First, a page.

According to a study published by BMJ, those who carry the FTO gene weigh, on average, 6.61 pounds (3 kg) more and are 1.7 times more likely to be obese than those who don’t carry the trait.
The BMJ research reviewed 8 studies involving 9,563 subjects to determine if FTO was a reliable predictor of obesity-related outcomes in randomized weight loss trials.
However, the study showed the FTO gene didn’t affect any changes in adiposity. In fact, those who were predisposed to obesity due to the carriage of the FTO gene responded equally well to weight loss interventions. An important note to consider is that changes in dietary and exercise habits counteract FTO’s effect on obesity.
Another study published by PLoS One investigated the effects of the fatso gene on various abdominal and peripheral fatness phenotypes and obesity-related traits in middle-aged men. The results showed a minor association between FTO and general fatness and body fat distribution.
These studies imply that genetics make a large contribution to where we store fat rather, but don’t necessarily cause us to pack on pounds.
At this point, you may be asking yourself if there’s evidence of people who are predisposed to being skinny? The answer is yes, but don’t get too excited, this hereditary trait isn’t like winning the genetic lottery. A study published in Nature identified chromosome 16 as having links to body weight. Deletion, or the removal of one of the two copies of this chromosome in each cell, is commonly linked to obesity, autism, intellectual disabilities, and an increased risk of seizure. In adults, the duplicate copies of chromosome 16 are 8.3 times more likely of being clinically underweight, which doesn’t necessarily translate to having a healthy body composition.
Researchers conducted a randomized clinical trial to determine the effects of a healthy low-fat diet compared to a healthy low-carb diet on body weight change and questioned if genetics modified those effects. The 12-month study focused on implementing reduced calorie diets that were sustainable and focused on the quality of the foods within them.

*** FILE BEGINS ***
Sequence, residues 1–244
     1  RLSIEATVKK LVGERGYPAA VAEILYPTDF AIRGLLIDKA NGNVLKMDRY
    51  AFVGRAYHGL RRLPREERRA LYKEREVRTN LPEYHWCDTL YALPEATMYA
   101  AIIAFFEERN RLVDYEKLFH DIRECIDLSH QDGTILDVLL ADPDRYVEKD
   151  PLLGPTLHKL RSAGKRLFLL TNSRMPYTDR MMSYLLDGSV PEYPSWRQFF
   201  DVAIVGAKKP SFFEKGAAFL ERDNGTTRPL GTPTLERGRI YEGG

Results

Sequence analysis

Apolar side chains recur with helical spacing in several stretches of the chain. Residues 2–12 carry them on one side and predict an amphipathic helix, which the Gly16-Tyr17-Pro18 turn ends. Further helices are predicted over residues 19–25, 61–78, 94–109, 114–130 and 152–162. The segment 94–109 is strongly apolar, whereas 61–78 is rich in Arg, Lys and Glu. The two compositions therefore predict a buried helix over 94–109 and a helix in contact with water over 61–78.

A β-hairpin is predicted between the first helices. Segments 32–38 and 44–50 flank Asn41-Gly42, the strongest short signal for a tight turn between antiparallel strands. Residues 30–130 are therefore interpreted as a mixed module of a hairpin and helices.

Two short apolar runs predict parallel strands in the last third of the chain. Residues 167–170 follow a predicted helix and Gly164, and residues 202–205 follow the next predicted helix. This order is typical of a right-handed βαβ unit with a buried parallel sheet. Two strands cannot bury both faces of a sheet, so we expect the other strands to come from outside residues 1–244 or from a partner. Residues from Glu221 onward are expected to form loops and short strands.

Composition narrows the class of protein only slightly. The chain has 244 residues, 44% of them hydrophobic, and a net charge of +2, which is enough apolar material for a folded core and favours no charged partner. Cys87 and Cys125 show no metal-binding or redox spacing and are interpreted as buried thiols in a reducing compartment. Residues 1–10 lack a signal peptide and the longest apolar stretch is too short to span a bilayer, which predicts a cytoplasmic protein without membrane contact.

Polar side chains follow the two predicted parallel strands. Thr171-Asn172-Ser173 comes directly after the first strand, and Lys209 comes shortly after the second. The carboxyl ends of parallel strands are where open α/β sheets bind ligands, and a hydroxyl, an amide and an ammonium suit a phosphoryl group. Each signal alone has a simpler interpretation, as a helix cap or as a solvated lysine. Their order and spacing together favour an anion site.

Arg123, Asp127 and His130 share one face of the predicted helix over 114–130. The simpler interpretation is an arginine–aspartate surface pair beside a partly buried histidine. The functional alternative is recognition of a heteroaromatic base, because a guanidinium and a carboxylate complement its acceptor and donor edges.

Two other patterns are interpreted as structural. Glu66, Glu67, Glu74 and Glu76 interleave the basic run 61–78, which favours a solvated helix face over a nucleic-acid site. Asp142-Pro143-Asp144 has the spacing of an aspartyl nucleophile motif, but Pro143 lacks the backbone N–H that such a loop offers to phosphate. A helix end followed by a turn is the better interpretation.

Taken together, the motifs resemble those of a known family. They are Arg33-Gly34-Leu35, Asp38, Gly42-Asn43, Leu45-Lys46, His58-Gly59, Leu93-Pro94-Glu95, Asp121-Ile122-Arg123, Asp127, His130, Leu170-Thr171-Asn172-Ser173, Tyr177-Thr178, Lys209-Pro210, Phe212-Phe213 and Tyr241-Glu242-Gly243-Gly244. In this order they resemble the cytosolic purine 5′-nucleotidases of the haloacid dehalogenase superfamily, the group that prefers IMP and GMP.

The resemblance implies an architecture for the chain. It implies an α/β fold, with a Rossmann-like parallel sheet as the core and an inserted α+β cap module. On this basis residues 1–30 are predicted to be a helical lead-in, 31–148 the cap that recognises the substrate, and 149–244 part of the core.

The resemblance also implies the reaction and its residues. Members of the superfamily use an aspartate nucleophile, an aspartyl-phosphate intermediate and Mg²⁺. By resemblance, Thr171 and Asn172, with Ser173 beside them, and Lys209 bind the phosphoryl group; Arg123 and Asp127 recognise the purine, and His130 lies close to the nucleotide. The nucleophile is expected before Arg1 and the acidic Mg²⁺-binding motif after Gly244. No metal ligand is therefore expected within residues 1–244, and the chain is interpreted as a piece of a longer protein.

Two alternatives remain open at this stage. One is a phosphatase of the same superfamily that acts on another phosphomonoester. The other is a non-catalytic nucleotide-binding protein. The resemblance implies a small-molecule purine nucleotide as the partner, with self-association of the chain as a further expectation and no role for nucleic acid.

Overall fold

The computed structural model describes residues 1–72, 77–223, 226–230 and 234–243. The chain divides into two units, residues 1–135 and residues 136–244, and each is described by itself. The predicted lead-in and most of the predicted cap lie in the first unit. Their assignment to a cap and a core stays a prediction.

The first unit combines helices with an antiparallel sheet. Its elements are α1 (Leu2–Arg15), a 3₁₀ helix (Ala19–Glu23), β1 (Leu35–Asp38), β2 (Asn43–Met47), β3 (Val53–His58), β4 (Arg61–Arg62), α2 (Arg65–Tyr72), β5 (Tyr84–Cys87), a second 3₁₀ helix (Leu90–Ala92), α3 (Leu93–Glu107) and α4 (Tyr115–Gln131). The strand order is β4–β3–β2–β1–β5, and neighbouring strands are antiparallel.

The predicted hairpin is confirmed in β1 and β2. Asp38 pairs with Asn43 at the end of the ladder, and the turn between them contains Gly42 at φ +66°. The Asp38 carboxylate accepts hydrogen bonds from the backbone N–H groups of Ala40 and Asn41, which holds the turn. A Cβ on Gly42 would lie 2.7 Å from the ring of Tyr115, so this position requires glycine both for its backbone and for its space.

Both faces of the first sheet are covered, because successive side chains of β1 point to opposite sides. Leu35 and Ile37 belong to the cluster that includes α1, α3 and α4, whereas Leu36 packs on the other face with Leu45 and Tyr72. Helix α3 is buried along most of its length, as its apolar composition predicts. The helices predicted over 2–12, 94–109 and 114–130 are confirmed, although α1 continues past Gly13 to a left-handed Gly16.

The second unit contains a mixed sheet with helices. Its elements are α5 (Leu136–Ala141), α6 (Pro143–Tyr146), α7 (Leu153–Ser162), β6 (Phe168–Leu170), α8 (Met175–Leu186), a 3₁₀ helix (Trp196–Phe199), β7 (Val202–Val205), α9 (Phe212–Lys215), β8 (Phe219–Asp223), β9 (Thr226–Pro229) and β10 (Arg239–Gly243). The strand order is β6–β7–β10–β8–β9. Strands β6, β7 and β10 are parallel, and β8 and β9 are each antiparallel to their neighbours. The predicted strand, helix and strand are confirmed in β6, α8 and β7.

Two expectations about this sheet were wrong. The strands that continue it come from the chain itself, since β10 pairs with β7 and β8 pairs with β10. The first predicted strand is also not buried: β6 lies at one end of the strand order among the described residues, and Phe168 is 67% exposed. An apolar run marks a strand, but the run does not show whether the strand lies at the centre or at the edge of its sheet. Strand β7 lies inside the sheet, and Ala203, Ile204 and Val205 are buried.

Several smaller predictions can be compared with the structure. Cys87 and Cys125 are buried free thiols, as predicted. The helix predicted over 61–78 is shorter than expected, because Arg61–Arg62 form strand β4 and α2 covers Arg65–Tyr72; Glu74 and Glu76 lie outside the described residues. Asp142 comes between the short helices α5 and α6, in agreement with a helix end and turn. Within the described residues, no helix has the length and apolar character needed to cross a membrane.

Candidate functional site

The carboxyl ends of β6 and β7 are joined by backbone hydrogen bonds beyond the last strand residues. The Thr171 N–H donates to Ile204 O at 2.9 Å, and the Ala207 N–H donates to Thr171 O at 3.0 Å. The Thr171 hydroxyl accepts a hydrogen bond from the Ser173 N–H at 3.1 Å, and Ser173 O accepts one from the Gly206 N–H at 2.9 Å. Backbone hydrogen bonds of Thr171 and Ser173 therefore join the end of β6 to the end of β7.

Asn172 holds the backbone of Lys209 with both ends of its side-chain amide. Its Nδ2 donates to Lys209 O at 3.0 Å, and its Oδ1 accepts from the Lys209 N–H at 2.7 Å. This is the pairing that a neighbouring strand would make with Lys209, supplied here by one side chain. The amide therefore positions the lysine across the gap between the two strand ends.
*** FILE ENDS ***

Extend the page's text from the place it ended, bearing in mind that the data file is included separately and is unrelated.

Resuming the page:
Based on our earlier discussion and what was explained about the impact genetics have on weight loss, can you guess what the major findings of the study were?
Well, both groups lost a similar amount of weight with the healthy low-fat diet group lost 11.7 pounds (5.3 kg) and the low-carb diet lost 13.2 pounds (6 kg) over 12 months. Bringing in genetics, of the 481 participants who completed the trial, 244 people had a low-fat genotype and 180 had a low-carbohydrate genotype.Though it may seem like a genetic predisposition to respond better to different foods may influence results, there was no significant diet-genotype interaction. In other words, genotype pattern wasn’t associated with the effects of weight loss, but the impact of caloric restriction likely was.
Though weight loss is simplified as calories out > calories in, remember that weight loss is more complex than that. An important aspect of diet to learn in regards to its effects on your body composition is the thermic effect of food. Also known as diet-induced thermogenesis, thermic effect describes the amount of expended energy above the resting metabolic rate it takes to digest food. For instance, protein carries a higher thermic effect compared to carbohydrates or fat. In other words, we burn more calories when we have higher protein content in our meals.
It may not only be what we eat but how we eat that contributes to the thermic effect of food. One study found that eating more quickly may reduce the thermic effects of food. This means that not only what you are eating matters, but how you eat it does, as well. When we eat too quickly, we chew less. By doing so, we may decrease the activation of important mechanisms in our nervous system that contribute to the digestion process.